Broomstick and TTs
linkov at snet.net
Wed Dec 11 19:35:01 EST 2002
I could be a total jerk and say "hey, that's life." It IS an expensive
hobby, so maybe the only thing you can do is have a car with an extended
cage? I mean, our cars aren't aerodynamic masterpieces anyway (compared to a
If it was just this club with the rule, I'd agree that the policy stinks.
But, considering tracks (for liability reasons, of course) don't allow even
"broomstick-eligible" cars to drive makes me say that it's a problem,
liability-wise, for what we do.
The only alternatives I can see are driving with a group/club that doesn't
care, on a track that doesn't care. I guess with the tiny cars out there,
and small seating spaces, there is a reason the Alan McNish's of the world
(height-wise) are racers, and people 6' tall or greater aren't....It's the
reverse of basketball (where you'd be great with that height!)
On 12/11/02 8:30 AM, "Dave Hord" <spokes at the-wire.com> wrote:
> The broomstick rule eliminates me from driving ANY car I've ever owned on a
> track using that rule.
> I'm 6'4" and most of that is in my upper body (my legs are short, about the
> same as a normal 5'11" person.
> I don't fit in ANYTHING. Even my rally car, where I've got two Cobra race
> buckets mounted to the floor as low as possible (easily a 5-6" drop from the
> stock seats lowest position), I STILL don't pass the broomstick rule. Heck,
> without a helmet on I don't clear the cage -> I'm too freaking tall.
> The only car I've ever owned where the roof is tall enough, is my 1975 VW
> beetle...but even then, if I put a cage in it...I wouldn't pass the broomstick
> rule. Not to mention with its stock 56hp it's not too exciting on anything
> bigger then a solo II track.
> So what of us abnormally tall folk? Should we (I) be banned from racing? As
> much as I hate the 'slouch for inspection' (which, in the racing buckets is
> surprisingly easy) what other choice do I have?
> I recognize, and fully agree with the safety aspect of the broomstick
> rule...but I'm curious to know Mark, what would the NEQ do in my situation?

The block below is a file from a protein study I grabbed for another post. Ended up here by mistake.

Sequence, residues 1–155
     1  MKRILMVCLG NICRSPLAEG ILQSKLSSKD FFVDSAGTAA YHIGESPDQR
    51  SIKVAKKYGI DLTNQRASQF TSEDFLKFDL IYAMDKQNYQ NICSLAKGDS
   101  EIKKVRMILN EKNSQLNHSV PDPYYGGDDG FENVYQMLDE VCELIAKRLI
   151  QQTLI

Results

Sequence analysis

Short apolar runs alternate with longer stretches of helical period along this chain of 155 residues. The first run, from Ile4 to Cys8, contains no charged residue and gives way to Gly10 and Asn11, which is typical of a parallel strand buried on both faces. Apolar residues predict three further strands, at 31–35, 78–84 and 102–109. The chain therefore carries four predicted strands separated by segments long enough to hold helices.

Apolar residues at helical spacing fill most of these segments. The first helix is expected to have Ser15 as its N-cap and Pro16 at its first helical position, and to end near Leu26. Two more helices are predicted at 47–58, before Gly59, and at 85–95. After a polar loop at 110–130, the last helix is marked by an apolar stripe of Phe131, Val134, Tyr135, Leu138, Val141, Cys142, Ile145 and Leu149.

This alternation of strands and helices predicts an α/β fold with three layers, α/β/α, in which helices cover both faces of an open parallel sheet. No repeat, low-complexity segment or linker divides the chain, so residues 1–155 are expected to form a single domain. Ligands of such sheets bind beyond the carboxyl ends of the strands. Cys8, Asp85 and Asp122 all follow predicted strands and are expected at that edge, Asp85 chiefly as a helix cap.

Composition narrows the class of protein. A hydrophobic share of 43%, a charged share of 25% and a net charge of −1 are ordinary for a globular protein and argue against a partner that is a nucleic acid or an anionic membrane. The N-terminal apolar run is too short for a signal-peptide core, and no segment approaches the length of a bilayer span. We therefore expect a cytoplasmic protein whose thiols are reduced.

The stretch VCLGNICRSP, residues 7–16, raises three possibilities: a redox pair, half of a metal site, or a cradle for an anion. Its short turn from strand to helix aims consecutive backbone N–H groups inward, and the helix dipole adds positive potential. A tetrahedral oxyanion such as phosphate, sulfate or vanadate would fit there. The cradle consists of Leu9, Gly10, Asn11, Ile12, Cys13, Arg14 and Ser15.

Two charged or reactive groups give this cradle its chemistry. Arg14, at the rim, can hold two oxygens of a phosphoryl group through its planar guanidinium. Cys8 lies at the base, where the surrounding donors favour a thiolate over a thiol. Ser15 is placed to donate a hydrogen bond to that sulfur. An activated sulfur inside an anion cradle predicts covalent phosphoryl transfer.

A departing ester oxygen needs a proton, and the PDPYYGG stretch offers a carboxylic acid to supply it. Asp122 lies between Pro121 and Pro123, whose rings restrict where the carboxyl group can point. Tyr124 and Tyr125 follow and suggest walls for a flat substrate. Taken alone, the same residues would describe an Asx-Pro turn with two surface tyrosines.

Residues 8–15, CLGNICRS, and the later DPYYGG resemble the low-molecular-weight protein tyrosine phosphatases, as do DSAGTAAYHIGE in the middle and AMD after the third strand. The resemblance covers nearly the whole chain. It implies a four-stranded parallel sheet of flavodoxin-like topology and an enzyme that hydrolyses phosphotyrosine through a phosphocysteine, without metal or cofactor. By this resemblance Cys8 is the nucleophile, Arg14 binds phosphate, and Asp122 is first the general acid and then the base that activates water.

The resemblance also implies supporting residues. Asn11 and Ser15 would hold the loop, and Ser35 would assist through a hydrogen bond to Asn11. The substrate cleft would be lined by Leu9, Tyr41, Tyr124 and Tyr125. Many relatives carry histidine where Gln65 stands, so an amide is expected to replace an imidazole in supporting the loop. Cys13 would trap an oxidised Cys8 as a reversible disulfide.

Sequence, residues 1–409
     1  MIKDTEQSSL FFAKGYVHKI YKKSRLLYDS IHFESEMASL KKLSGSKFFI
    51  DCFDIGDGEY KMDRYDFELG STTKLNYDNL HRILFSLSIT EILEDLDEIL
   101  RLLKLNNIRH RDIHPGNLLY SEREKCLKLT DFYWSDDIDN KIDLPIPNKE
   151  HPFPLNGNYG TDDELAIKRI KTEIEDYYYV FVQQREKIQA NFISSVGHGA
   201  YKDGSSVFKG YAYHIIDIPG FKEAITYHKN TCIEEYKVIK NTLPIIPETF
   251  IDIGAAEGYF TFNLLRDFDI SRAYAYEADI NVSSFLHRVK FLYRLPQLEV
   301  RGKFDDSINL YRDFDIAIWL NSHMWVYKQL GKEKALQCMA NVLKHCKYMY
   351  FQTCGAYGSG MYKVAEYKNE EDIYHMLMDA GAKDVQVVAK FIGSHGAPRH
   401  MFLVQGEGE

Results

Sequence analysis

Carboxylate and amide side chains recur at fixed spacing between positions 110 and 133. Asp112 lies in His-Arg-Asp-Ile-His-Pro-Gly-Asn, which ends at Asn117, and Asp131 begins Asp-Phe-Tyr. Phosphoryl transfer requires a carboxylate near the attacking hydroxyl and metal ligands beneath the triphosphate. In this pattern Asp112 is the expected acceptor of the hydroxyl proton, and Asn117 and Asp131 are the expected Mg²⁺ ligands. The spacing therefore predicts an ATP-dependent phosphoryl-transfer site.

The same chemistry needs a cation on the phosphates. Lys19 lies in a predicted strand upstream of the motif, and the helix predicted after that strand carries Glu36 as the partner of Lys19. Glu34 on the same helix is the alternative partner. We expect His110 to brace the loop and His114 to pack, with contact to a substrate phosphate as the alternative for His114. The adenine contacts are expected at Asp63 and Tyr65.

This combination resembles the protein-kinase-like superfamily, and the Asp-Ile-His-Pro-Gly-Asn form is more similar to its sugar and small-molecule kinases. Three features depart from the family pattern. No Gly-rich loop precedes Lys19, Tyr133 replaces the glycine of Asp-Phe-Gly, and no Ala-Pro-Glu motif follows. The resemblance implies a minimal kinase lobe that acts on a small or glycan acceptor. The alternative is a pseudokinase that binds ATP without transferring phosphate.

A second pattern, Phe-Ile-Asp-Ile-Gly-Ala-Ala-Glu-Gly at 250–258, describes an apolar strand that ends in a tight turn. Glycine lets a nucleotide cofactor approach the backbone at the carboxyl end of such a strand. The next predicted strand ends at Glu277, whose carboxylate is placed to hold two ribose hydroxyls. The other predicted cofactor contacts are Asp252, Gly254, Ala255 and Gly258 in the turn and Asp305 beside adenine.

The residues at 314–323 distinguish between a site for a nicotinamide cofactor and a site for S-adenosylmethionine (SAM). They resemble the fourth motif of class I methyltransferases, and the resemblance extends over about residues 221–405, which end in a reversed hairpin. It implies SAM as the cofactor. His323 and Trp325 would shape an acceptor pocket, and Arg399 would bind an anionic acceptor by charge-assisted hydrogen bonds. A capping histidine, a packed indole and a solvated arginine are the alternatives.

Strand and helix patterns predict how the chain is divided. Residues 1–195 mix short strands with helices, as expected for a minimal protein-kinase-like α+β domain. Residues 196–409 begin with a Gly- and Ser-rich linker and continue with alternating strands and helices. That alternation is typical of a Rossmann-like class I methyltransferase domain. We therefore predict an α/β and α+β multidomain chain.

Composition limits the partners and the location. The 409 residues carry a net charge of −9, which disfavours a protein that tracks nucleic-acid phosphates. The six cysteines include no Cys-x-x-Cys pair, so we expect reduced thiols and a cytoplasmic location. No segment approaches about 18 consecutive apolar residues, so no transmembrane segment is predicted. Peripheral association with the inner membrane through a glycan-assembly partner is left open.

> Ban me from entering the track because it's impossible to buy/prep a vehicle
> that my frame will fit in? True, I could buy an SUV...but what would the point
> 89 90q 300km+ Rally Conversion...
> Roll cage shots available at:
> Quoting Jon Linkov <linkov at snet.net>:
>> The broomstick rule was adopted by the National body of the Audi Club North
>> America, and all chapters had to follow the decision. You'll still see 1-2
>> TT Roadsters at events, driven by people short enough (height challenged?
>> be PC) to fit under the broomstick with a helmet on.
>> Tracks, however, seem to be cracking down too. VIR doesn't accept
>> manufacturer "roll hoops" as safe. They want a full cage, which THEY must
>> sign off on. So no Boxster, TT or Z3/Z4 convertibles there without full
>> Message: 15
>> From: AudiBiTurbo at aol.com
>> Date: Wed, 11 Dec 2002 01:31:49 EST
>> Subject: Re: TT Rollbars (and "broomstick" rule)
>> To: TheRingmeister at triad.rr.com, brett at cloud9.net,
>> quattro at audifans.com
>> [ Picked text/plain from multipart/alternative ]
>> The NEQ (at my urging, amongst *plenty* others) has officially adopted the
>> "broomstick rule," which is common to any PCA (Porsche Club of America)
>> folks. Simply stated, you take a flat edge (a broomstick handle does, in
>> fact, work perfectly) and go across the car from the top of the windshield
>> frame to the top of the rear structure (usually a roll bar or hoops). With
>> the driver and passenger (instrurctor) seated as normal AND wearing thier
>> helmets (helmets EASILY add 2+ inches to the top of your head), there must
>> a 2" clearance from the helmet to the broomstick. Really simple, good
>> I personally saw 3 cars on thier roof at driver's education events this
>> with various clubs (ACCNA included). It does happen, and in every case it
>> happened to a good driver, drivers you would NOT expect it to happen to.
>> Mark Rosenkrantz
>> Marker510 at aol.com
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